Ladies, I get it. The urge to have a lovely glass of wine to dull the cramping and misery, and really, you just want it. But I’m a teller of truths – alcohol is a no-go for painful periods. I want you to think of two things that make periods better: muscle-relaxants and balanced hormones. Alcohol messes with both of these things. Alcohol is well known to deplete B vitamins as well as muscle-relaxing minerals such as magnesium. Not only that – it interferes with the liver’s ability to metabolize hormones. All of these contribute to more cramping and heavier periods (which lead to more clots, which trigger more uterine spasms, which causes more pain…)

Skip the salt

Just because you’re not adding salt to your dishes doesn’t mean you’re not getting it from other sources. Salt is sneaky and unknowingly sneaks into everything. Don’t get me wrong, I like a bit of salt on my edamame, but that little sprinkle of added salt isn’t the problem. Surprisingly, the primary source of salt is in processed or packaged foods. Salt can increase fluid retention, which can worsen bloating, discomfort, and period pain. My favourite trick for skipping the salt is to season with spices instead.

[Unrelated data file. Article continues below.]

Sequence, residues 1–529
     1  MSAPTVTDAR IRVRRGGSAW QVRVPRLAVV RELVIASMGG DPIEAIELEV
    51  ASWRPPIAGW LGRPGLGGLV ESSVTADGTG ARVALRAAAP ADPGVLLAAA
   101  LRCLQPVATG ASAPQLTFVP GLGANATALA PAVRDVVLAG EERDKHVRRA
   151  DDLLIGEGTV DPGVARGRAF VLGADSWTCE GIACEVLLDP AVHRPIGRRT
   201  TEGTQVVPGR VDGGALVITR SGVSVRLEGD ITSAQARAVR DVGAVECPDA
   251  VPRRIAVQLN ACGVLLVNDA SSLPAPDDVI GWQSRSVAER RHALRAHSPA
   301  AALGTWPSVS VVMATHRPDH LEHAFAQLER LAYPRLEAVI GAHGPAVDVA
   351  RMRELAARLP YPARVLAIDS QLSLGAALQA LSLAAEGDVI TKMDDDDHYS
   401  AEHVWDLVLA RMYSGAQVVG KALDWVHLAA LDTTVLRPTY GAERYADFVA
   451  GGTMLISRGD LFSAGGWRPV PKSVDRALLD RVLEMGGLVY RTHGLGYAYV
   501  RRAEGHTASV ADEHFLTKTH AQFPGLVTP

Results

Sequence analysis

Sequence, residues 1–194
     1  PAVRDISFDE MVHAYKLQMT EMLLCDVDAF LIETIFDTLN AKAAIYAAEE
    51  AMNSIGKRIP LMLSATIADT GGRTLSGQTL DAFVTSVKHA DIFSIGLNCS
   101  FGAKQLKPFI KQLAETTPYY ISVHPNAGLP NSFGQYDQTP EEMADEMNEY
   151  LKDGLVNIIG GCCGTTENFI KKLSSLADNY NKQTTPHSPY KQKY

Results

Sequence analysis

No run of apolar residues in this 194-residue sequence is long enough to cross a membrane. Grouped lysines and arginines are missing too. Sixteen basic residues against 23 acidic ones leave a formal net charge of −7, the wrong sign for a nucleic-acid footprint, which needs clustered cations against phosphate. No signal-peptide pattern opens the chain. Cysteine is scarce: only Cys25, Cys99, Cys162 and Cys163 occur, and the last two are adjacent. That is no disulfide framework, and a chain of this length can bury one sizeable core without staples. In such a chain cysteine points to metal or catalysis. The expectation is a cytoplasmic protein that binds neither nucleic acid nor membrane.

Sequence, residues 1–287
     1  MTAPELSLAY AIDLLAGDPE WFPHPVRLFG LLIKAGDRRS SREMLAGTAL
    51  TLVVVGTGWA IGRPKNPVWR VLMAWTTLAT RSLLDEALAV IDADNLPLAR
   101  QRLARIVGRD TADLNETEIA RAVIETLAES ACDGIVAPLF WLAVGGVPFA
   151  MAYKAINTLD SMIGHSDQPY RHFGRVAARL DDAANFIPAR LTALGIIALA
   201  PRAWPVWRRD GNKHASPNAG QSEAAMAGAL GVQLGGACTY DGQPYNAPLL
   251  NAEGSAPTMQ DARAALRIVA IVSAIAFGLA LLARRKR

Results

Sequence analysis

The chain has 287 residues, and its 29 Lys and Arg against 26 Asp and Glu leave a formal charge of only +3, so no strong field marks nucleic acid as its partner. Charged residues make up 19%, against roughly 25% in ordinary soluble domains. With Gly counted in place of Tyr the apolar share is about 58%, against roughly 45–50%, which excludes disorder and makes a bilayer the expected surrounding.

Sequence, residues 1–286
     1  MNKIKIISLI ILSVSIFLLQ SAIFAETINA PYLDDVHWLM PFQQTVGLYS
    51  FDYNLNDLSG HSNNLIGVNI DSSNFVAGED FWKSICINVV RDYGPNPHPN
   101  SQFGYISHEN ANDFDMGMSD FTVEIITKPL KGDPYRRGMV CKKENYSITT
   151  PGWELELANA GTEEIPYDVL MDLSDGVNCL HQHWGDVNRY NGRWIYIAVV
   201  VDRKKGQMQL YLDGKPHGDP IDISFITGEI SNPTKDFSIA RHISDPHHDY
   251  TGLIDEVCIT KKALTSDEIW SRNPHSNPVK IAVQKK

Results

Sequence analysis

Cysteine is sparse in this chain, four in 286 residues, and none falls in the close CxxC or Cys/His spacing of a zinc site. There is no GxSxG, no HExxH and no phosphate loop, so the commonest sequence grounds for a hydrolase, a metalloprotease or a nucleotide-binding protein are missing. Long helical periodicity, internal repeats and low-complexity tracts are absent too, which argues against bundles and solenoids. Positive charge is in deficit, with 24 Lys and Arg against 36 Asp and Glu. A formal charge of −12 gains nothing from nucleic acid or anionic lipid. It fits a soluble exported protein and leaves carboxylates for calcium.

Load up on the legumes, nuts and seeds

Nuts and seeds are excellent sources of minerals like magnesium and calcium – both of which can lessen muscle tension and reduce the pain of menstrual cramps. Additionally, eating a diet higher in plant proteins and lower in animal proteins has been found to reduce the incidence of dysmenorrhea. So skip the chicken and have some chickpeas and cashews instead.

Eat your veggies

The greatest debate in the health world always revolves around what the best diet is. Although confusing at times, the one key takeaway is that every diet includes vegetables. Really, is there anything vegetables CAN’T do? They are the most important component of the human diet, and eating more of them cures just about everything – including period cramps. Women who eat more fruits and vegetables have the lowest rates of painful periods. Vegetables are excellent sources of minerals, like calcium and magnesium, as well as fiber to reduce bloating, discomfort, and balance hormone levels.

Understand your food sensitivities

Wait, what? Food sensitivities? What do those have to do with my period cramps?

It turns out, quite a lot!

Food sensitivities can damage the lining of the digestive tract, altering the absorption of B vitamins and minerals, resulting in more cramping. Additionally, food sensitivities can cause increased production of inflammatory molecules, leading to more inflammation (and more pain) when period time rolls around. Add to the mix the irregular bowel movements that can result from food sensitivities and you have the perfect storm for period pain. So if you’ve ever wondered if you have food sensitivities and you get painful periods, I’d considering having the food sensitivity test. It may be just what you need.

Exercise regularly